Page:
Category Archives: Leadership

Your security maturity is low? Are you using your people the best way you can?

One famous saying attributed to Steve Jobs must be: “it doesn’t make sense to hire smart people and tell them what to do; we hire smart people so they can tell us what to do.”

It makes sense and security is no exception. How often do I see companies struggling to improve their level of security hiring external consultant while they have very talented and smart people capable of solving most of the issues… if you let them do it.

It might seem exaggerated but it is not so far from the reality. Your people may not have all the answers but they have likely solutions to a vast majority of your issues.

During lot of audit (or due diligence or GAP assessments), I interviewed managers and employees in order to get an idea of what works and what don’t in a company. Obviously, we check the incidents, the KPIs, the financial losses and all the possible indicators but its the discussion with the persons performing the jobs that give you the best insights. Rapidly, we can get a sense of where there is a bottleneck, a gap or an issue to fix. That’s normal, it is what we expect from external consultants. But what is often more surprising is that the same people are aware of the issues and have most of the time lot of ideas to fix them. It make sense as they are sometimes the persons suffering the most from these issues.

So, why are the issues still present? There is a lot of possibilities. One of the most common is the believe that the boss is always right (you know, rule #1). Hence, he likely know how to fix the problem, no reason to bother him with our stupid solutions. It creates blind spots. That’s probably why the space shuttle Columbia ended-up in ashes (see

Another possible reason is the difficulty of the people from the low level of the pyramid to talk the highest level’s lingo. Senior executives rarely want’s to have their hands dirty or to get involved in technical details or business processes considerations. I saw a few years ago a CIO meeting all the persons in its IT department (hundreds of people). Each meeting with a team gave him multiple hint on what was blocking or impacting the efficiency of his teams. And when you do, it’s easier to get the big picture and take the right decisions.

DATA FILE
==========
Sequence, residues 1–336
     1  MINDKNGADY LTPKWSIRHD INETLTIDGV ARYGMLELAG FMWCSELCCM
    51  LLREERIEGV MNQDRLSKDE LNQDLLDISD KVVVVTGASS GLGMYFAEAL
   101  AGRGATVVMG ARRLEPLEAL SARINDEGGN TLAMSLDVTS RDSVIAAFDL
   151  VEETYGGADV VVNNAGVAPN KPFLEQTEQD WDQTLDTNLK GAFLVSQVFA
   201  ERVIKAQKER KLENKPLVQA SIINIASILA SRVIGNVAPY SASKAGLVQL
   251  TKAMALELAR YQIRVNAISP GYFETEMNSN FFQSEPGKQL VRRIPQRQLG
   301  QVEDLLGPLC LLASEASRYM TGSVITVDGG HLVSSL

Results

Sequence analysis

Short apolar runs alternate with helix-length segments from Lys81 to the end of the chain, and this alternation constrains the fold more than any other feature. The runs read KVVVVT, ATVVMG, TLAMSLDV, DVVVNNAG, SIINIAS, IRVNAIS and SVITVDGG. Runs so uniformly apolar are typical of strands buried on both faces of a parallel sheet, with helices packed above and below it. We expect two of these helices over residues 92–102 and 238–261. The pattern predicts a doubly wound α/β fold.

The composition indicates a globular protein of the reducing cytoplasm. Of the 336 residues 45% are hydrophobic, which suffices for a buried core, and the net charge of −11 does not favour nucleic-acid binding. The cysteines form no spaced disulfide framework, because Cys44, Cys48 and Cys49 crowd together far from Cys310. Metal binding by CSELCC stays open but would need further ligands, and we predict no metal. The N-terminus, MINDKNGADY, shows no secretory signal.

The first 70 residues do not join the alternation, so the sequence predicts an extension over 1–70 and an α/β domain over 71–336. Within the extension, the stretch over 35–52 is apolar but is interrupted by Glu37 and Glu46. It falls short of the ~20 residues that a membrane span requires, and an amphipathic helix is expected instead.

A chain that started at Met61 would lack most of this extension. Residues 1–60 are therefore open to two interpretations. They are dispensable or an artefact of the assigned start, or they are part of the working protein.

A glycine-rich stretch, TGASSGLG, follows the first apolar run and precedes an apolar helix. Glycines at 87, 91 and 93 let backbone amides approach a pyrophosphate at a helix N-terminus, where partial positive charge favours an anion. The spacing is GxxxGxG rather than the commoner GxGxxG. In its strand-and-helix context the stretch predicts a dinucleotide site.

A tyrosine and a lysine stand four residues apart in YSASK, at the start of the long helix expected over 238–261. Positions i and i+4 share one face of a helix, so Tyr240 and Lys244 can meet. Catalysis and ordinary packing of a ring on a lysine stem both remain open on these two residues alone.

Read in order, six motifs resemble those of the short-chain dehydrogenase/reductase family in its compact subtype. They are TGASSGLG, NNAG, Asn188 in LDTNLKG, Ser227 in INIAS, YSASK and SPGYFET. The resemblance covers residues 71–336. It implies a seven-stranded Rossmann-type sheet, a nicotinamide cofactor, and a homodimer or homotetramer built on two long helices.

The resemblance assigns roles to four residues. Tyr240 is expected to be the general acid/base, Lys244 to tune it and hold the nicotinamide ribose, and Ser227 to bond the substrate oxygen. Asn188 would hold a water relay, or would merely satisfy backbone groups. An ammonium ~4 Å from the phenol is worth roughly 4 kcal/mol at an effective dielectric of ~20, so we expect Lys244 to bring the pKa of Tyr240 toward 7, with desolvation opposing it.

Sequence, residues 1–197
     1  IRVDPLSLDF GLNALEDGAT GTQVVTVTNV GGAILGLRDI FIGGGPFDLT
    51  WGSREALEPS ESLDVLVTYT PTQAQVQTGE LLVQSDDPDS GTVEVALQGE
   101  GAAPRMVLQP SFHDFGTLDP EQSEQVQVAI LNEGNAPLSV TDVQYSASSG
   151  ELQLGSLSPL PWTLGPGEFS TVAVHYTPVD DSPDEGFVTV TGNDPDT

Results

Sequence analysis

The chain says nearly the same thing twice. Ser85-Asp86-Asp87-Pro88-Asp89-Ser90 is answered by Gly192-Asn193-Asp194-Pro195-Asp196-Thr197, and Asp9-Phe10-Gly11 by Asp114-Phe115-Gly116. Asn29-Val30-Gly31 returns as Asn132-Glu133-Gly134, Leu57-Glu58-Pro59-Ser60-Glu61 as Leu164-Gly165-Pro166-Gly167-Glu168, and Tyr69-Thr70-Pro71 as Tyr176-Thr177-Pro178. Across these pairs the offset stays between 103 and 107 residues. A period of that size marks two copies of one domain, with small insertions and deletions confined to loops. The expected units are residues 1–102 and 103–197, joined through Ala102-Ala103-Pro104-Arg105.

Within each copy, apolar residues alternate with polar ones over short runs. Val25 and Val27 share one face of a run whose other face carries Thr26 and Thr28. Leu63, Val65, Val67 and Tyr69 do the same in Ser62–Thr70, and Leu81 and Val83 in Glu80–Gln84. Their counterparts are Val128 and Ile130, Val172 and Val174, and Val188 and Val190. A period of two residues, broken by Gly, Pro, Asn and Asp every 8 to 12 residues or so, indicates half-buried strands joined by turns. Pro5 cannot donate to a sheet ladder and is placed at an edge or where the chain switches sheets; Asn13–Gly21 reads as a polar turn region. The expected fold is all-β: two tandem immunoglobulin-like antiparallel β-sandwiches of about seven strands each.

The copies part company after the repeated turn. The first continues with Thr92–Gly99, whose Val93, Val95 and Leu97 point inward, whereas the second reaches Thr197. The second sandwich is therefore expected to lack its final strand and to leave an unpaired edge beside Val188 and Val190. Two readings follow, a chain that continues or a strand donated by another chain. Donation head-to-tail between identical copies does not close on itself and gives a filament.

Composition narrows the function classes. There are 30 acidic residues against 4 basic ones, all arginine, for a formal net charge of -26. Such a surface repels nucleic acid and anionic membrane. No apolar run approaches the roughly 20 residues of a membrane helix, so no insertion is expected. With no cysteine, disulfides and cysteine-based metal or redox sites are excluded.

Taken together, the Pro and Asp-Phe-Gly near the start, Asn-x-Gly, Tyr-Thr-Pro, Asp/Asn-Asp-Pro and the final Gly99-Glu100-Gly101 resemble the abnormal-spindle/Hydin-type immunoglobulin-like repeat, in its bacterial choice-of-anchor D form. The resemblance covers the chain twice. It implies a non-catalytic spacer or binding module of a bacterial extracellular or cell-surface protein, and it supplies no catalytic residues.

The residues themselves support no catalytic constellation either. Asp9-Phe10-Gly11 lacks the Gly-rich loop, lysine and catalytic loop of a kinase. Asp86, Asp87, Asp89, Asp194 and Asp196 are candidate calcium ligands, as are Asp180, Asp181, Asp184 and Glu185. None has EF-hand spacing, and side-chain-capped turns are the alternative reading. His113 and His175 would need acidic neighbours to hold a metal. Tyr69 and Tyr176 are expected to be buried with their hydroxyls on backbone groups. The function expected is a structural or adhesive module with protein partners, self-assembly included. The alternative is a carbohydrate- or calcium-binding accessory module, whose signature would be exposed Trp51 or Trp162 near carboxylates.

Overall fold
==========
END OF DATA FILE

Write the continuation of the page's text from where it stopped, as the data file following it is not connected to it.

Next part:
Another issue is the believe that the top management expect only green lights and positive outcome. “Failure is not an option” is a culture typically leading to failure. Also, sometimes, teams have opposed objectives, hence, they don’t work together to solves common issues but rather they fight each others or they continuously pass the hot potato. Not a good way to solve issues either.

A good and efficient security management, like any other corporate governance, requires an appropriate culture, fostering trust, empowerment, responsibility and so on. But these are more than words, they must be applied to be effective. bringing external consultants to fix internal issues is not always the best solution to improve your culture: it just send the message you don’t trust your team have the skills to do it.

You might want to try to express your expectations and discuss with everybody (or designated someone to do it) to figure out the best way to improve the situation. And if they need resources (what is likely the case) then maybe hire (external) people to reduce their current workload so they can start working on the changes.


Last tip: check your workforce’s skills… there’s sometimes people in your company who are doing work for which they are over-qualified and who could do jobs that could really provide you more added-value. Don’t look too far for your glasses, they might be on your nose.

Think about it.


Why is usability important for security management?

Why is usability important for security management? Is it even important? Obviously for a lot of people, it is not. And that’s a problem. But what is usability anyway?


According to Wikipedia, and I find the definition pretty accurate, usability is “the ease of use and learnability of a human-made object such as a tool or device. In software engineering, usability is the degree to which software can be used by specified consumers to achieve quantified objectives with effectiveness, efficiency, and satisfaction in a quantified context of use”.

In other words, usability is the process of designing things so they can be easily used and mastered by their end users. Usability is not just about design, it is a science. It is about making our environment optimized for our brains and our bodies. As an example, usability is when you put handles to a box so it is easier to lift. Google, the most visited website in the world is an example in terms of usability: straight to the point, one field and you get what you need in one click. It even completes the words for you, as you type. There’s a reason they are number one and it’s called user experience (UX).

Nowadays, usability, neuroergonomics and even neuromarketing are at the heart of successful designs. Whatever you are selling, you better make it easy to use and even sexy. The traditional KISS (Keep it simple and stupid) design requirement has gained an additional “S” for sexy (KISSS, Keep it simple, stupid and sexy). The article I wrote about the ineffectiveness of SPAM awareness session was also an advocacy for the use of cognitive sciences insights in order to design more effective awareness material.

Why do I care?

If you are a product manager for a startup, you are probably already aware of all the usability requirements for your products. That’s were startups win the war against the old dinosaurs: “better engineered products with better usability and even sexiness”. We all learned from the master’s success: Apple. Steve Jobs knew the rules to make something usable, less buttons. Sleek design is all about simplicity.